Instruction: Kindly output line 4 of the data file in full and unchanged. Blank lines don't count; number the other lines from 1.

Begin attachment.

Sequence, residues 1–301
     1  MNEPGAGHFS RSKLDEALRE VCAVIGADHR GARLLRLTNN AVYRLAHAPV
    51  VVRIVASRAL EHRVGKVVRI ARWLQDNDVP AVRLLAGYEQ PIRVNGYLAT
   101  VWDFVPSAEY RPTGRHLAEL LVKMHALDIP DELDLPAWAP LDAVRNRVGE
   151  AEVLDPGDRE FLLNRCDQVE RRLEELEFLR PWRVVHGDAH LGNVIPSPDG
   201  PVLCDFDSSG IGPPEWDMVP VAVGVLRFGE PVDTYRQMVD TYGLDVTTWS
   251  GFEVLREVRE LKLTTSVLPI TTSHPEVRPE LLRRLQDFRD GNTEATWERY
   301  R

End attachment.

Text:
   101  VWDFVPSAEY RPTGRHLAEL LVKMHALDIP DELDLPAWAP LDAVRNRVGE